Biosimilar development and bioanalytical comparability analysis using Pfenex Expression Technology with a cloud-based informatics solution

By:Diane Retallack, Ph.D., Director, Molecular Biology at Pfenex

At Pfenex, we are in the business of developing biosimilars. And, as a result, on a daily basis we produce data‰Ólots of it. This data enables the team at Pfenex to rapidly demonstrate analytical similarity between a Pfenex biosimilar candidate and the reference drug product. The ability to verify the quality of a biosimilar candidate early on in development enables Pfenex to efficiently progress its entire pipeline of biosimilar candidates. Our protein production platform, Pfenex Expression Technology and our extensive analytical biochemistry capability allows for the parallel evaluation of protein produced from thousands of unique production strains. Throughout this process we employ the Core LIMS to enable tracking of results from strain construction and screening through fermentation and protein purification.

We implemented the Core LIMS to organize our in-house data. Our product development capability relies on very high-throughput screening. We are generating a thousand or more production strains for every experiment, which results in several thousand samples to analyze. We need to track the construction of each one of those strains and link the associated data. This information includes: the genotype and lineage of the strain, and information about the protein expressed; the quality of the protein expressed in that strain; which strains were selected to move forward into scale-up; and the data observed with the strains that were scaled up.

We closely examine a subset of strains before choosing a production strain. Once we select the production strain, we optimize the fermentation so we can increase our titer of soluble, active protein and then develop a scalable purification process which can be implemented for cGMP manufacturing. All of these development efforts are underpinned by an extensive analytical capability that continuously generates large amounts of data for ongoing assessment of biosimilarity of our product candidate to the reference drug product. The Core LIMS is invaluable in cataloging this data to ensure ease of retrieval and efficiency of assessment.

One project requires a tremendous amount of data collection and analysis – but when there are five simultaneous experiments, manually keeping track of the data becomes challenging. Before the LIMS, finding information on these projects could entail several hours of sifting through folders to locate the right data. Now, with all data in the LIMS, it is possible for a single user to immediately access the information they need for a particular product candidate, rather than having to search for it.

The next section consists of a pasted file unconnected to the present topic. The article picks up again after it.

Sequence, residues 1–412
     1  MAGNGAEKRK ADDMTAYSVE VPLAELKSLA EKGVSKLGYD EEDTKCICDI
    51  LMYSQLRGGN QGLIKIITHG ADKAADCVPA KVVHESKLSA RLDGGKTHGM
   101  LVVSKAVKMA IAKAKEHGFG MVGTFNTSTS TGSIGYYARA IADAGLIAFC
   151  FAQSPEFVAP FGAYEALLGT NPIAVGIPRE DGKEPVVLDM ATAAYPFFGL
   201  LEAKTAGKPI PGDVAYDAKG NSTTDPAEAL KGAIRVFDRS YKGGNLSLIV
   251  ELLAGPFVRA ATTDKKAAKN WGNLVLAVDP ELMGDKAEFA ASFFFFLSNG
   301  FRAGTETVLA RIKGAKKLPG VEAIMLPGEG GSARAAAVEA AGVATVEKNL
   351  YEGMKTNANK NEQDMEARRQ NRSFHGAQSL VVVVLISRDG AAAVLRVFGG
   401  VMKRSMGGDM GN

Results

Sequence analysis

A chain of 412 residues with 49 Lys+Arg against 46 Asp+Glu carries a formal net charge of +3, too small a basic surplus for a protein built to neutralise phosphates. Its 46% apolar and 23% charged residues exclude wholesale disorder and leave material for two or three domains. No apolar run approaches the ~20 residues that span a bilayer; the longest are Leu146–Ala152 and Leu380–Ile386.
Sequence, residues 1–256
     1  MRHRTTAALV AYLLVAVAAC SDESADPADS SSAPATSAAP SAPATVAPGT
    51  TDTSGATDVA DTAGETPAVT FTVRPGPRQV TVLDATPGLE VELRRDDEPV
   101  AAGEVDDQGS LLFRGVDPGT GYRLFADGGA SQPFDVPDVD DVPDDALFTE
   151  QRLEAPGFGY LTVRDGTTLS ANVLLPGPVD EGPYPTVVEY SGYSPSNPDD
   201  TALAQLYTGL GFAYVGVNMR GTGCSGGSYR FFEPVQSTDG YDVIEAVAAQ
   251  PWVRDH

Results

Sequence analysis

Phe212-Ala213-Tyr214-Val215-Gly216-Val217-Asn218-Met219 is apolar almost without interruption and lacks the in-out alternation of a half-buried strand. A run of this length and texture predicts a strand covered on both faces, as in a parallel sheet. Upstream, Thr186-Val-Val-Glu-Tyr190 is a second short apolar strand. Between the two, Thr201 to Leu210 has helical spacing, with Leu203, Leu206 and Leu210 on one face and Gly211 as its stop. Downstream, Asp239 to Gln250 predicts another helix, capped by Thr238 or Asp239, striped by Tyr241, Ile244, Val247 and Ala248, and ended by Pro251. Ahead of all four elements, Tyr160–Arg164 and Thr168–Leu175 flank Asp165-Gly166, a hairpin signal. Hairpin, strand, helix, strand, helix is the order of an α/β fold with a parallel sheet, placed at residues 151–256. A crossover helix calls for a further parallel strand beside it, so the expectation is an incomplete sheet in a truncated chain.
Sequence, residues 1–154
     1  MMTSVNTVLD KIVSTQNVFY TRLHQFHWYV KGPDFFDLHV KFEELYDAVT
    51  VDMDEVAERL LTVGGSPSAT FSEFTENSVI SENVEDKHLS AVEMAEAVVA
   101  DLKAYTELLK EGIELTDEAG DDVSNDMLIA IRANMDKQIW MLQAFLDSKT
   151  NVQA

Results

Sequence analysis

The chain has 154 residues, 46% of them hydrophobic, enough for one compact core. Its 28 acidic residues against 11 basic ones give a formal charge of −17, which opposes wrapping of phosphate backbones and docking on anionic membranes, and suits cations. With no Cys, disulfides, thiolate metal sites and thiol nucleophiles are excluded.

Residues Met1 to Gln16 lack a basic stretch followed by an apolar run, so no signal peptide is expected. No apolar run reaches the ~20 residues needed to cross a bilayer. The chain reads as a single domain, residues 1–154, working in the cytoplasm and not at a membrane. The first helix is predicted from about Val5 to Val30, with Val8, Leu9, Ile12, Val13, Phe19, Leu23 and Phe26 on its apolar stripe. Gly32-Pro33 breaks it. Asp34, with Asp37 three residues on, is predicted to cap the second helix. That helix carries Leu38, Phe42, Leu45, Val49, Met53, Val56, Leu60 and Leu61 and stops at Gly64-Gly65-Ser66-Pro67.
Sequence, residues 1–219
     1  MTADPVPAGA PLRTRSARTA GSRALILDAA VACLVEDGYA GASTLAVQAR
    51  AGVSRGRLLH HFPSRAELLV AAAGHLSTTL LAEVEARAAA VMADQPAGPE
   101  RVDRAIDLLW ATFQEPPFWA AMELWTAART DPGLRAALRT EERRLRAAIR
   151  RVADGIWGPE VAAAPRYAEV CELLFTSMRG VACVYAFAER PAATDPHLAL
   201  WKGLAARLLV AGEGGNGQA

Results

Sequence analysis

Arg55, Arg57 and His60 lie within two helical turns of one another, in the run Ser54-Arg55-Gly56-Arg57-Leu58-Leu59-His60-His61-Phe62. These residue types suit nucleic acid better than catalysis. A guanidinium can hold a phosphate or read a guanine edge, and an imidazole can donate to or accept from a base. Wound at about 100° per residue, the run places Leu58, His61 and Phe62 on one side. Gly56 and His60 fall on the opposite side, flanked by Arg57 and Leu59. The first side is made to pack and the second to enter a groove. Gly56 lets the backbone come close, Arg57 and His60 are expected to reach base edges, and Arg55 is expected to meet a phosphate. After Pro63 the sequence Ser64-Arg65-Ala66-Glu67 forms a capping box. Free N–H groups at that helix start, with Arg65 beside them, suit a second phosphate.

Even though our scientific team works very closely together, we foresaw how the LIMS would make it simpler to track samples and data. With the barcode as our guide, we can now track location, origin, fermentation type, conditions, genetic makeup of host strain and more. It is possible to quickly compare analytical results during process development, and know whether the differences between the samples may be due to different fermentation or processing conditions, differences in production host genotype, or perhaps due to a different expression strategy. The LIMS is used to track experiments, inventory our components and hazardous chemicals, and automatically calculate key information generated. Overall the LIMS dramatically increases the efficiency of our product development efforts which directly translates to rapid, low cost biosimilar development.

When implementing any new solution one must establish a bridge between the old approach and the new solution to enhance adoption. When the LIMS was set up, the automated naming function was different from the method our scientists had been using, so we developed an alias attribute. Initially we created a system which would allow our traditional experiment-based naming convention to be connected to the new strain number and barcode. Now our researchers don‰’t need the old names, they just use the strain barcode. We assumed this would happen over time, but were pleasantly surprised that the adoption progressed relatively quickly. We believe the naming alias was instrumental in speeding the user adoption process.

The LIMS is also useful when working with development partners. The naming alias has helped us keep track of samples as we bring them in from other third party sites. We assign the sample a new name in-house, but the barcoding and the LIMS allows us to easily correlate the two sample names.

This has been a staged LIMS implementation. We are still configuring the system and continually coming up with new uses for the LIMS to further enhance the efficiency of our scientific team. We have already observed significant time savings across our entire product development efforts. Researchers are finding it easier to determine what samples they have, and to keep track of all the different components used in their experiments.

Learn more:

Diane Retallack, Ph.D., Director of Molecular Biology atPfenexwill discussPfenex Expression Technologyduring herpresentation, ‰Meeting the Need for Rapid Protein Expression and Development with a Cloud-Based Informatics System‰ at PEGS 2015, May 4-8, in Boston.

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